Chillagoe greeted us with its faded statue of some ancient swimming dinosaur, probably a plesiosaur of some type. We found the worn looking caravan park and set up, leaving early the next morning for the 9.00am cave tour. The dour lady at the 'Hub' visitor centre face would have cracked if she'd smiled, customer service once again being unheard of. We joined a group of ten people and followed a ranger into the bowels of the earth to a dry limestone cave that was a reasonably impressive experience.

From Chillagoe we found the dirt of the Burke Developmental Road before turning off onto the Savannah Way alternative route. We'd heard from others that this was a 'rough' track, but come to think of it they were caravanners, so it probably was in their frame of reference. We found it thoroughly enjoyable, very up and down with endless dips, creek crossings and single lane blind curves. Best of all we didn't see another vehicle the whole way and enjoyed the drive immensely.

Back on the bitumen we started encountering more road works, unattended robot traffic lights, but otherwise a quick drive to Bedrock where Jo greeted us with a huge sunny smile and showed us to our spot. The park was very quiet with only a couple of caravans in evidence. This was soon to change and caravans arrived from everywhere filling up the many spots with a smattering of Britzes and the occasional tent. These travellers were noticeably more reserved than those we met in the Centre and on the Cape. These appeared to be more urbanites, shiny polished vehicles, huge vans, chairs facing inwards towards the van and reluctant to engage in a chat. Maybe we camper trailer folk are too bush rough for them.....the Cruiser resplendent in its coating of red mud and it's missing number plate certainly receives a few disapproving looks....maybe we'll have to consider a wash.....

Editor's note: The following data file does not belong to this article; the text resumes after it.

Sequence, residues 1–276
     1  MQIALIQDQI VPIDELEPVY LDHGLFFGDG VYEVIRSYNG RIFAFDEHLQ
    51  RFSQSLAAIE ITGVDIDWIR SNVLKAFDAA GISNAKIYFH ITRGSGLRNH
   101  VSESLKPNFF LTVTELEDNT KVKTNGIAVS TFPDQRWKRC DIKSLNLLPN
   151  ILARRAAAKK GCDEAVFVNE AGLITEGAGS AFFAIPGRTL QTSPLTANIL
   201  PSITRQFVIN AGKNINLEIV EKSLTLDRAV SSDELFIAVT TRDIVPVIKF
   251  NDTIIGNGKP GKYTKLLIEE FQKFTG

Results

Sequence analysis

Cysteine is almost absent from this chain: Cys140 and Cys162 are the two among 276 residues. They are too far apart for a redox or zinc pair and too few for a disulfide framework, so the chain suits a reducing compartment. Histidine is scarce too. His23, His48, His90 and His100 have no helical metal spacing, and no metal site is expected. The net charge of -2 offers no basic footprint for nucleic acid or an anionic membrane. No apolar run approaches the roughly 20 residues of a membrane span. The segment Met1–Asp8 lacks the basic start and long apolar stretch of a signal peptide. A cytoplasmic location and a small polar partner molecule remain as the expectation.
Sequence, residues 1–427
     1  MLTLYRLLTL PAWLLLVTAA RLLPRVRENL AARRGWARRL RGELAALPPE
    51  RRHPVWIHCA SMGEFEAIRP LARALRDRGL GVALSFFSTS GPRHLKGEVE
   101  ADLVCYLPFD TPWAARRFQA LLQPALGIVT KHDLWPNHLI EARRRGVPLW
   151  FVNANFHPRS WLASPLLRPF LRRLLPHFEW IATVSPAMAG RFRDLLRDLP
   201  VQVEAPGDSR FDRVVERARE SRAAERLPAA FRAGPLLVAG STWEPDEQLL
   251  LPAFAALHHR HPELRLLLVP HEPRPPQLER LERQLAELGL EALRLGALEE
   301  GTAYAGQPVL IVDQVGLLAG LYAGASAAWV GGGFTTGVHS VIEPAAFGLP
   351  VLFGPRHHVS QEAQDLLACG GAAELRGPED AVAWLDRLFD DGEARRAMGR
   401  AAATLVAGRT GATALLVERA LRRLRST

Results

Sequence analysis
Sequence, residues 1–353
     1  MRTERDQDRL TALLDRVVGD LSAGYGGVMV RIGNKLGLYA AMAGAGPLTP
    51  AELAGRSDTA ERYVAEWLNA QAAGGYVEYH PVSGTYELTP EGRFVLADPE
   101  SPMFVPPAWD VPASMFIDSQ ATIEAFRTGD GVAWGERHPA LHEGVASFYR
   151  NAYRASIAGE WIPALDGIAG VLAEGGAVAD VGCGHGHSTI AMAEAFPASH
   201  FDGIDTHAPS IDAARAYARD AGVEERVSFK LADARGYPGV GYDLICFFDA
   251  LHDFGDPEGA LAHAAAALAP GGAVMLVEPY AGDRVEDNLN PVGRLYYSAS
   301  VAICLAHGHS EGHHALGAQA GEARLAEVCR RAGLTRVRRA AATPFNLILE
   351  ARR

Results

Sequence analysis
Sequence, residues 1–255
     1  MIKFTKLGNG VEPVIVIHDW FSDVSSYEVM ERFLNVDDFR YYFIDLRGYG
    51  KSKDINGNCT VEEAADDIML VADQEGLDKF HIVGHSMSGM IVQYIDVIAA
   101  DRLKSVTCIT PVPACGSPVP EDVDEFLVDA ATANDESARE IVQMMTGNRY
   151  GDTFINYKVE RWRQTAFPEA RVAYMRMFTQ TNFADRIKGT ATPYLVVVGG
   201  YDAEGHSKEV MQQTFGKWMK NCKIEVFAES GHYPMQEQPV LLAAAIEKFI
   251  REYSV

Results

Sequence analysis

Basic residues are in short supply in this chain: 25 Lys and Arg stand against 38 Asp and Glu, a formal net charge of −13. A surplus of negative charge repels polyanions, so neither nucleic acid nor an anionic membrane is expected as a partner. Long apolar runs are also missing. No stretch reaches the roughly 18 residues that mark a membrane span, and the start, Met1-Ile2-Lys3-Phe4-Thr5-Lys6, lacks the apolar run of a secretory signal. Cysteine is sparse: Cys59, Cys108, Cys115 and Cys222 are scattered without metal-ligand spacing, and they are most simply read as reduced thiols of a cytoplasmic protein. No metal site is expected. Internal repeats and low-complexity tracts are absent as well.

The tour bus ride to the crater was not that pleasant. It just isn't my cup of tea, I hate buses especially overly warm, full with tourist bodies, always making me slightly car sick....I miss being behind the wheel of the lifted Cruiser doing our own thing....the walk to the crater rim was mediocre, causing most of the group to wheeze and puff, the kids and us streaking ahead, only to be told..."you must STAY with the group!" We learned about cows, weaners, spear grass, electric fences, were invited to take photos of the distant ranger station before heading down for a very nice morning tea. The Anzac bikkies were great, the kids sneaking a couple of extras and acting as unofficial assists for Di the guide. Back in the claustrophobic bus and off to the tubes where we climbed down some quite difficult, steep rock strewn paths to the huge dark tubes. We visited a couple, seeing bones, bats, calcium carbonate and magnesium. I can see why the powers that be would be nervous of decrepit pensioners hurting themselves, however it would be a doddle for reasonably fit and sensible individuals...think Tunnel Creek in the Kimberleys....Kings Canyon, Cradle Mountain...I suspect it's more about reaping a tourist dollar than anything else.

Enough of my grumpy cynicism, the rain cometh according to BOM and tomorrow we head off along the Savannah Way towards Lawn Hill. We've had a nice three night layover and all are a little rested, although the dirt and other friendly camper trailers beckon.....
Mike & Amanda